The eyes of Texas, and the nation, are on Bob Knight
Texas Tech chancellor Kent Hance walked into a convenience store in Lake Placid, N.Y., last summer, 1,658 miles from his campus. The clerk looked up, noticed the Tech logo on his T-shirt and said: “Bobby Knight, Bobby Knight.”
“I don’t know that you can put a price on a lot of national exposure he’s brought to Texas Tech and Lubbock,” said Hance, a former U.S. congressman and the only politician to defeat George W. Bush in an election. “If coach Knight were walking through LaGuardia Airport with Mack Brown and Bob Stoops, the people in the airport would say, ’Who are those two people with Bob Knight?”’
Knight gets his first shot at his 880th victory Thursday night, and a win at home against UNLV will make him the winningest Division I men’s coach in history.
For his part, the 66-year-old Knight has played down the march to overtaking former North Carolina coach Dean Smith’s mark of 879 victories. He said the record won’t “have any impact whatsoever” on the basketball program or the school.
“Anything that can happen good through athletics does have some reflection on the university, certainly,” Knight said. “But I don’t think it’s a monumental thing. I think Texas Tech would be a great institution without a basketball team.”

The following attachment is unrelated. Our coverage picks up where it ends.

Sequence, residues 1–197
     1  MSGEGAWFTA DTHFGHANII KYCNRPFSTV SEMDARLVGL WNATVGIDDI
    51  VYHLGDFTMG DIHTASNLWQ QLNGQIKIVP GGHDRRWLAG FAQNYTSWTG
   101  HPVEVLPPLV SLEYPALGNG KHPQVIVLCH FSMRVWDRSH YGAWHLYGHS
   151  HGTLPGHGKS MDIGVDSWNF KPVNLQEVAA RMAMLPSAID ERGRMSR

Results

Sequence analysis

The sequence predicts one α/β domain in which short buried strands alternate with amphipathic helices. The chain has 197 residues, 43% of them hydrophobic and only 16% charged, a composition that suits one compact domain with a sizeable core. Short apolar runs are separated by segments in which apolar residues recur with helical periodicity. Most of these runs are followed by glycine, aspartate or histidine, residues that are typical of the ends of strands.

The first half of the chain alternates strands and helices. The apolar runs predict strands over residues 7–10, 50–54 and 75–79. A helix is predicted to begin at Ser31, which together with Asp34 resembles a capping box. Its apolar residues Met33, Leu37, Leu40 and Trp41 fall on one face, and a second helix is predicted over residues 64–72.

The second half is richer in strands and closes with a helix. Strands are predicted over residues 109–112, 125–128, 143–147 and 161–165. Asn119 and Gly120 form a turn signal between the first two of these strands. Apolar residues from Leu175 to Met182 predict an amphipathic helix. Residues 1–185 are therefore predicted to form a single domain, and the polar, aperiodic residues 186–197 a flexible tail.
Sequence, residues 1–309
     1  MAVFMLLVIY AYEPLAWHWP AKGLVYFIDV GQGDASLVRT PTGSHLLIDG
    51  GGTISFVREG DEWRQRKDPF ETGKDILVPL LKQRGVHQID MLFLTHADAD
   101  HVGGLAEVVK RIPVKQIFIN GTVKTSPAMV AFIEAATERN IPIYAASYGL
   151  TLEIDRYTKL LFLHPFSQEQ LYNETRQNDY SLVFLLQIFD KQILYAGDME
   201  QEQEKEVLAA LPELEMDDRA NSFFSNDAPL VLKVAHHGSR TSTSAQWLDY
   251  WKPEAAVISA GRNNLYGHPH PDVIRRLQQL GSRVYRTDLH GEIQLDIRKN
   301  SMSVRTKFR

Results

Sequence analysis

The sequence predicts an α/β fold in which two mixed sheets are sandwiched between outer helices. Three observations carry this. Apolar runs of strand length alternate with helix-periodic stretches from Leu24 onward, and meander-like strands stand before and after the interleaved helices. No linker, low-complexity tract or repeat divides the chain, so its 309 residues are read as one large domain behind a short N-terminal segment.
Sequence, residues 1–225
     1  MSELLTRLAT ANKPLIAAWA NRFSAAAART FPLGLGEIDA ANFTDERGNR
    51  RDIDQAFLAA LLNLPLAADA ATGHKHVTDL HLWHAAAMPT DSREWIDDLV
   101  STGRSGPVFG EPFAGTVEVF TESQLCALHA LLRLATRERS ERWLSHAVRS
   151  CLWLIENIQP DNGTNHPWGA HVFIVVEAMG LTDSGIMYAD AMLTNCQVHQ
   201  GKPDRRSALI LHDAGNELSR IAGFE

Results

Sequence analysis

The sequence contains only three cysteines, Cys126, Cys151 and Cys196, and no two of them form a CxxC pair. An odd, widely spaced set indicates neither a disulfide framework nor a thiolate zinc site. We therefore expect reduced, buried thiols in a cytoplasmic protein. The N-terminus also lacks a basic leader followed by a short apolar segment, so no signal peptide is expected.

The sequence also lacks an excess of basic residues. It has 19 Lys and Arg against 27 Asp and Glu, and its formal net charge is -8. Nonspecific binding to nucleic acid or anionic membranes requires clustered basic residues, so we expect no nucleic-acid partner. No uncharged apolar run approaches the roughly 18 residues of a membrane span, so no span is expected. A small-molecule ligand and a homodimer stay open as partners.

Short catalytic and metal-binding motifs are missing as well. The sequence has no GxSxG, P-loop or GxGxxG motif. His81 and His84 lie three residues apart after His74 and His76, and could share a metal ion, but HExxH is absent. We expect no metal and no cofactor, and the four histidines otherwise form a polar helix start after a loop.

Knight, known through the years for his volatile temper, three national titles and 11 Big Ten championships, tied Smith on Saturday when Texas Tech beat Bucknell 72-60.
Smith, who had no plans to travel to Lubbock for Thursday night’s game, said he’ll be in touch once No. 880 is in the books.
“I’ll sure be one of the first to call and congratulate him,” Smith said. “He knows that.”
It isn’t just the school that’s benefited from Knight’s presence. Lubbock business leaders say Knight’s arrival in March 2001 and the pursuit of the record are better than a national ad about the city.
“He’s larger than life,” said Eddie McBride, president and chief executive officer for the Lubbock Chamber of Commerce. “He has been one of our best ambassadors.”
Hance said Knight brings name identification to the school and the city. He’s already helped raise more than $200,000 for the library at Tech. He donated $65,000 of his own money and thousands of books from his personal collection; he backed a similar effort at Indiana during his 29 years there.
Knight’s a lot like some in politics, entertainment and sports when it comes to supporters and detractors, Hance said.
“They do not have any undecideds,” Hance said. “And he’s one of them.”
Knight’s son, Pat, said he and his father have a similar take on the recent attention.
“We don’t look at it as the record per se for him,” Pat Knight said. “We just look at it as another chance to get more publicity for the university and the program, just like ’Knight School’ was.”
Bob Knight required ESPN producers to showcase the school and the city in each of the six episodes of reality show, which aired this year.
Should Tech lose against UNLV, two more home games follow, giving Knight a good chance of hitting 880 in front of the community that’s embraced him.
Knight said he enjoys Lubbock “better than anyplace” he’s been. That’s why he says he’ll stick around after he retires.
“What this is is one of the great college towns in the country because it’s big,” Knight said. “This isn’t a little town. There’s just so many things here that, I think, make living here real easy.”
Tonight’s game will be televised on the ESPN network.